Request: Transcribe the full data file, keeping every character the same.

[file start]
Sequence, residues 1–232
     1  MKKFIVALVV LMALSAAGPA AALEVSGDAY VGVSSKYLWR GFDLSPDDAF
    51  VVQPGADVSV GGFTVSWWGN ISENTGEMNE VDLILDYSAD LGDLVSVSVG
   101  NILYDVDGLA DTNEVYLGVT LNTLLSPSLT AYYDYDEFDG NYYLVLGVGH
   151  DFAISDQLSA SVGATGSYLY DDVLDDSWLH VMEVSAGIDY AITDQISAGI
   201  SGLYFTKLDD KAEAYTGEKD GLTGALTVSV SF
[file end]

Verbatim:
Sequence, residues 1–232
     1  MKKFIVALVV LMALSAAGPA AALEVSGDAY VGVSSKYLWR GFDLSPDDAF
    51  VVQPGADVSV GGFTVSWWGN ISENTGEMNE VDLILDYSAD LGDLVSVSVG
   101  NILYDVDGLA DTNEVYLGVT LNTLLSPSLT AYYDYDEFDG NYYLVLGVGH
   151  DFAISDQLSA SVGATGSYLY DDVLDDSWLH VMEVSAGIDY AITDQISAGI
   201  SGLYFTKLDD KAEAYTGEKD GLTGALTVSV SF